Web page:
76 FarmTech 2006 Proceedings FarmTech 2006 Proceedings Global Perspectives... Local Knowledge PRECISION FARMING IN SOUTH AFRICA Christo Helm Manager KEE Technologies Africa 2005 1. Introduction SouthAfrica is a country with an extreme range of topography (plains, lowlands, open and closed hills, low and high mountains a nd table lands).
Rainfall in South Africa varies from less than 100mm annually in the west to an access of 1200 mm annually in the east. Approximately 35% of South Africa receives less then 300 mm and 7% more than 800 mm annual precipitation. South African can be divided in areas with all year, winter and summer (early, mid, late and very late) rainfall areas.
The winter rainfall areas is predominantly in the south western part of the country, the all year rainfall in the south eastern part and the summer rainfall in the central, northern and eastern parts of South Africa. The South African Agricultural market is a free market with no subsidies and limited import tariffs, to protect the market agai nst unfair international competition. The most important limiting factor in agriculture is the availability of water and some parts of the country are prone to drought, having a negative influence on production.
South African ... more. less.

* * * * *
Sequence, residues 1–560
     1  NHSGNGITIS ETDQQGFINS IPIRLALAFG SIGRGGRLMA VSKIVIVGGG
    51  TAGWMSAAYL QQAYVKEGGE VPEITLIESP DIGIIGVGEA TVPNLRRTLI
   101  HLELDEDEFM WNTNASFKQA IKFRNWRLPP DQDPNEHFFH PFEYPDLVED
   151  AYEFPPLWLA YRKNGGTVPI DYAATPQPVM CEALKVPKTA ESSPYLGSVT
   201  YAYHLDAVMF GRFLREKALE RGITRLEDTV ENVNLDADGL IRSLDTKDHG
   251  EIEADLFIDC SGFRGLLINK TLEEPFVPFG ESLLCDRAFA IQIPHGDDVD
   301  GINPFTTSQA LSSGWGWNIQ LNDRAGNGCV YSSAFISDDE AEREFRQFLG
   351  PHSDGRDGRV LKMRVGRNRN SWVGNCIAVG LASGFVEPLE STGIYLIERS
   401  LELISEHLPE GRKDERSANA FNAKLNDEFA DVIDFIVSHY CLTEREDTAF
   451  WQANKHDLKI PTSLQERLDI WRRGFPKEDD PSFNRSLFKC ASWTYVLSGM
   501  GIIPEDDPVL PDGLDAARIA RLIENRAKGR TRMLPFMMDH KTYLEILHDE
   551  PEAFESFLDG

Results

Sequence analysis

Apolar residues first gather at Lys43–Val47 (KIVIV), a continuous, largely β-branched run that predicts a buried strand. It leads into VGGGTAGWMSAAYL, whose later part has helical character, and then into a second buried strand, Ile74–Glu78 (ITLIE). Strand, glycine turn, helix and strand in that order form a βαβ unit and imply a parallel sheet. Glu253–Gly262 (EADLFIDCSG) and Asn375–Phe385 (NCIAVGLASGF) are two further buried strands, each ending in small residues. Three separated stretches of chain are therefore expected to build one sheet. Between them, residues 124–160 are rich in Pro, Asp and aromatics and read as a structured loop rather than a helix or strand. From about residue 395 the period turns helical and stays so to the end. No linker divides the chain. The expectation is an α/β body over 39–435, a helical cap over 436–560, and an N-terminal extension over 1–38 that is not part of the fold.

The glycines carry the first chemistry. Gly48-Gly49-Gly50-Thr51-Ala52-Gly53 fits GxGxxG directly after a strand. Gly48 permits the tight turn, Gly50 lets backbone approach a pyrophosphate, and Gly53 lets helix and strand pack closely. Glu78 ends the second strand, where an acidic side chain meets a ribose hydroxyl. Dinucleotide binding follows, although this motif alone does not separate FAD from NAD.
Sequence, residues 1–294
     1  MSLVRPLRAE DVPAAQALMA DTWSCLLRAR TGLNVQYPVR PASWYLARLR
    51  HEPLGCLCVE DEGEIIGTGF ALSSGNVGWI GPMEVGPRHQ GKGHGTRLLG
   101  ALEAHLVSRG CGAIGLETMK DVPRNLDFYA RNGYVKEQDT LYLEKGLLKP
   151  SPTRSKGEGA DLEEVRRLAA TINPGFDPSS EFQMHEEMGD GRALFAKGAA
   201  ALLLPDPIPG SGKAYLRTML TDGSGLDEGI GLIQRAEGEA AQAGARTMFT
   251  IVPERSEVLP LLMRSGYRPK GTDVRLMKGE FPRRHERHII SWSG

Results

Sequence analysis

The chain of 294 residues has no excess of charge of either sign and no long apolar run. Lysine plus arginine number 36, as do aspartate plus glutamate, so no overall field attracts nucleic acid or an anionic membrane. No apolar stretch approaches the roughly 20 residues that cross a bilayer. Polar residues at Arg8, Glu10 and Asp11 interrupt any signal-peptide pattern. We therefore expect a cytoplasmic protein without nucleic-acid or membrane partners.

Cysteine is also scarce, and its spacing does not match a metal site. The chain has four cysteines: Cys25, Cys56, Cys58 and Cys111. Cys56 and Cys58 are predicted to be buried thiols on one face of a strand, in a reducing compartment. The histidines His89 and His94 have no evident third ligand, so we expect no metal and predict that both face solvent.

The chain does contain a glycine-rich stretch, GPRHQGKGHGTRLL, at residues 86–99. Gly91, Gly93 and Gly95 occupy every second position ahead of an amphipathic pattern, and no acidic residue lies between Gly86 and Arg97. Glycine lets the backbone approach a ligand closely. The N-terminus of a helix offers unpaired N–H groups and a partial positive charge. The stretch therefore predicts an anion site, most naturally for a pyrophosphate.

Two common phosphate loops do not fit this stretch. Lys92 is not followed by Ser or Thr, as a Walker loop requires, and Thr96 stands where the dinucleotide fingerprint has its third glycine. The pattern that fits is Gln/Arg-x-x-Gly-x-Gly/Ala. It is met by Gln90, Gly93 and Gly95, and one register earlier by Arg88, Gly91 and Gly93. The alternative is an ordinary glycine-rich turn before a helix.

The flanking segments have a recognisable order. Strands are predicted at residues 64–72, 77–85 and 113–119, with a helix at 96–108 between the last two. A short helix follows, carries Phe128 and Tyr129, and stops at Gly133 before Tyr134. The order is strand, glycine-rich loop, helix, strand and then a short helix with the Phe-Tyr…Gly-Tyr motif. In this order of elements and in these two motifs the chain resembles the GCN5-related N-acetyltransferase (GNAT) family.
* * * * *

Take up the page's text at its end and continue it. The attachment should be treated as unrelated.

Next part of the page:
have a wide variation in soils although most cultivated soils is low in organic matter and tend to have a below n ormal pH. Soils have a definite influence on farming practices and crop selection. South African farmers are challenged by a number of factors including growing production costs and low product prices.<br><br> Precisio n farming is one management tool implemented by South African farmers to meet these challenges, reduce risk and ensure sustained farming. Precision farming is seen as managing the variability of soil potential using geo-referenced data and electronic equip ment (Nell, Maine & Basson, 2005). 2.<br><br> History and current status of precision farming Although yield monitors where imported before 1996 the first 4 yield mapping systems (MicroTrak) where installed by Senwes in 1996 to quantify yield variation and fine tune the Senwes soil potential simulation model, based on soil classification. Variab le rate application of phosphorus and lime, based on chemical grid sampling, where done by companies (Nitrophoska and TechniLand) with big machines (teragators) since 1998. The first variable rate controlled (VRC) application (phosphorus), by a farmer, based on soil potential, chemical soil analysis and yield data where done in 1999 (Nell, Maine & Basson, 2005).<br><br> In 2000 two products (N & P) where applied, by the same farmer, based on the same principals. The University of the Free State (UFS) did surveys on the status of precision farming in South Africa in 2001 and 2005 and foun d that precision farming is growing fast (Nell, Maine & Basson, 2005). The following estimates where calculated: " Yield monitors and mapping: 40 (2001) to more than 600 (2005) farming units with 35% doing just monitoring, not mapping.<br><br> " VRC application for lime = 16 (2001) 87.5% done by companies contracting VRC services to farming units to 244 (2005) with 12% farming units doing their own VRC application, with their own converted spreaders. " Variable rate application of fertilizer = 8 (2001) 87.5% done by companies contracting VRC services to farming units to 251 (2005) with 15% farming units doing their own VRC application, with their own converted applicators and planters. " Manual Guidance = 200 (2005) farming units.<br><br> " Automatic Guidance = 50 (2005) farming units. 3. Role players in precision farming The farmers (producers) and their farms is probably the most important role player in precision farming.<br><br> The following where found by the UFS in South Africa: " Farmers between the age of 25 and 35 are the fasted to adopt new technology but lack the funds. Farmers between 35 and 45 are more ready for new technology than older farmers and where the group which have invested the most in precision farming because they have more funds available than the younger farmers. Farmers older than 45 where the slowest to adopt new technology although they had the most funds available (Matella, 2002).<br><br> " There are a positive correlation between education and technology adoption. Most farmers adopting the new technology had collage or university qualifications (Matella, 2002). " Farm size did not have any effect on the adoption rate of precision farming technology (Matella, 2002).<br><br> " Farmers adopting the technology tend to have historically higher yields than the average for the farmers in the region (Matel la, 2002). FarmTech 2006 Proceedings 77 The Canadian Wheat Board 3 marketing western Canadian wheat and barley to the world for 70 years. www.cwb.ca 1-800-275-4292 78 FarmTech 2006 Proceedings FarmTech 2006 Proceedings Global Perspectives...<br><br> Local Knowledge The companies that play an important role in advancing precision farming in South Africa are: " Fertilizer companies like Omnia, Kynoch and Nitrophoska for soil classification, grid sampling (chemical), data processing an d fertilizer application. " Cooperatives and former cooperatives (now companies) like Senwes, Suidwes, Afgri (TechniLand), SSK (TechniFarm), North West Co-op and Griqaland Wes Co-op for classification and grid sampling (chemical), data processing and / or precision farming equipment and / or fertilizer application. " Machinery dealers like John Deere, Case and New Holland for precision farming equipment.<br><br> " Private companies like LantekSA and Astrata for classification, grid sampling (chemical), data processing and / or precision farming equipment and / or fertilizer application. The major suppliers of precision farming equipment to South Africa through one or more of the role players above are. " KEE Technologies - Open multifunctional systems for a wide range of applications and manufactured equipment.<br><br> " GreenStar (AMS). - Focus on the John Deere range of equipment. " AgLeader & Trimble.<br><br> - Open system known for yield mapping and Guidance. " Case & Raven - Focus on the Case range of equipment. " Omnistar - Correctional signal provider.<br><br> " Others - Garmin, Novatel, Farmworks, Fairport, exc. 4. The Process The process of precision farming is seen as an ongoing process repeating itself each year, while moving towards the optimum.<br><br> a. Data Capturing Different companies and regions use various methods and combinations to gather various types of data to identify management zones and / or points. " Grid sampling only.<br><br> " Grid sampling followed up with smart sampling in the coming years. " Grid sampling and yield mapping. " Satellite images and smart sampling.<br><br> " Yield mapping and smart sampling. " Electric conductivity (EC) and smart sampling. Grid sampling with yield monitoring is used the most to identify management zones (Zeilinga, Nell, & Le Roux, 2005).<br><br> " Soil classification It is the annotation of the physical characteristics of the soil (depth, clay & slit, Submissive layer, aspect, slope, ex.), us ed to simulate soil potential for a specific crop in a specific region. Soil classification started before the 1980's and where mainl y used for sub-dividing fields into so called homogeneous fields. Approximately 25% of all arable land is classified (Nell, Maine & Basson, 2005).<br><br> o Moisture availability It is the annotation of available (gathered) moisture in the soil before the crop is planted and the best estimate of the rainf all for the coming season. Different soils react differently in dry and wet seasons and when planning the application levels of fertilizer in these zones the expected rainfall should be taken into consideration (Zeilinga, 2004). " Soil nutritional status It is the sampling and analysis of the status of the available soil nutrients in the soil and the balances of the nutrients tow ards each other.<br><br> Most of the time the level of variation and geographical spread of the different chemical elements in the soil diff er in such a way that one area will not be consistently low or high for all elements. " Yield monitoring It is the result of the interaction between the soil, available nutrients and balances, climatic conditions and management. " Management The cultivation, fertilization, weed & pest control, cultivar selection, exc.<br><br> for the specific season. FarmTech 2006 Proceedings 79 Proceedings FarmTech 2006 Global Perspectives... Local Knowledge b.<br><br> Data Processing Looking at each point individually, taking the captured data into account and staying with good agronomical principals: " Cut the low yielding / potential points to size. " Balance and restore the nutrient levels in the soil, start with the most limiting factor. " Challenge the high potential points.<br><br> c. Application " Plan ahead and try to ease the pressure during planting by doing the VRC fertilizing upfront. " Use liming as a quick win to get your investment back.<br><br> " Keep control strips to weigh your VRC decisions against. d. Evaluation Evaluation is best done with a yield monitor to quantify the results of the season and measure the progress made, also as a net result.<br><br> The UFS confirmed through a survey that yield monitoring should be considered as a control / evaluation instrument in precision farming (Nell, Maine & Zeilinga, 2005). 5. Results " The approach of companies and services companies offered had a definite influence on the precision farming phase the farmers in that region get involved in first (Matella, 2001).<br><br> " In the Western Cape Province (winter rainfall area) companies focused on smart sampling for chemical analysis of management areas identified through satellite images and offered VRC application services. The farmers started with smart sampling for chemical analysis of soil and contracted the companies to do VRC application of phosphorus, lime and gypsum. " In the Free State and North West provinces (summer rainfall) the companies offered grid sampling, focussed on soil potential, chemical status and yield variation, did not contract services for fertilizer, lime and gypsum application but, focu ssed on helping farmers to convert existing implements of the farmers to do VRC application themselves.<br><br> The farmers started with grid sampling for soil potential and chemical status of the soil and yield mapping. Identify management zones. Do VRC application themselves.<br><br> " The availability of contracting companies to do VRC application had a negative influence on farmers buying their own equipment. " Technologies that give back a direct incentive (save inputs or yield increase) was more easily adopted (Matella, 2002). " Precision Farming help to reduce risk (Nell, Maine & Zeilinga, 2005).<br><br> " Farmers claimed to have increased their management capacity (Matella, 2002). Precision farming stimulated and benefited management on more levels than expected. " Manpower where reduced or used more effectively (Matella, 2002).<br><br> " Farmers claimed that precision farming helped them identifying problems in areas in their fields they did not know where present (Matella, 2002). " Guidance saves the cost of marking swaths. " Automatic steering showed less driver fatigue, enhanced productivity and enable in-between-row rotation.<br><br> " Farmers claimed over spraying where broad down from 12% to 4% on row crops and 22% to 6% on broad-acre crops. " Farmers experienced lower production costs and higher yields with higher profits as a result. (Matella, 2002).<br><br> " Farm records show a yield increase averaging 20% confirmed by a survey of the UFS who found farmers had a yield increase of 15.4 - 30.8% after starting with VRC application (Zeilinga, 2004). " The use of fertilizer per ton product yield where lower after the 2nd year of VRC application indicating more effective use o f fertilizer, although the fertilizer per ha has been higher than with conventional production (Zeilinga, 2004). This can be contributed to the higher yield per ha over the 4 years where VRC application where done.<br><br> " Farm records show a reduction of up to 12% in fertilizer cost, however the UFS found during a survey that most farming units had a higher fertilization cost per ha, average 37.9% (Zeilinga, 2004). " Farm records show lime savings up to 50%, however the UFS found during a survey most farming units lime savings, average 19.2% (Zeilinga, 2004). " Most farming units had a better gross margin on fertilizer cost, average 21% (Zeilinga, 2004).<br><br> FarmTech 2006 Proceedings Global Perspectives... Local Knowledge 6. Looking ahead " Good practical mechanisation planning is needed to phase precision farming into the business in an economic responsible way.<br><br> " Agronomic and economic planning and estimates don't take the advantages and cost of precision farming into consideration (Zeilinga, Nell, & Le Roux, 2005). Agricultural and financial organisations should take in consideration the benefits and cost aspects of precision farming to promote and stimulate the growth of precision farming to the benefit of both. " Precision farming will grow strong in the next years to come (20% of all farmers).<br><br> The growth will be influenced by: " The strength of the ZAR currency affecting the cost of precision farming equipment. " Product prices. " Production costs (fuel, fertilizer, labour).<br><br> Literature used - Matella, N. 2002. The status of precision agriculture in South Africa.<br><br> - Nell, W.T., Maine N. & Basson, P.M. 2005.<br><br> Precision Agriculture in Africa and South Africa. - Nell, WT., Maine N. & Zeilinga,V.<br><br> 2005. A Strategic Approach to the implementation of Precision Farming Principles in Cash Crop Farming. - Department of Agriculture and Land Affairs, 2005.<br><br> South African Yearbook. - Zeilinga, V. 2004.<br><br> Evaluating different methods to identify management zones. - Zeilinga, V., Nell, W.T. & Le Roux, P.A.L., Evaluating different methods to identify management zones, 2005.<br><br>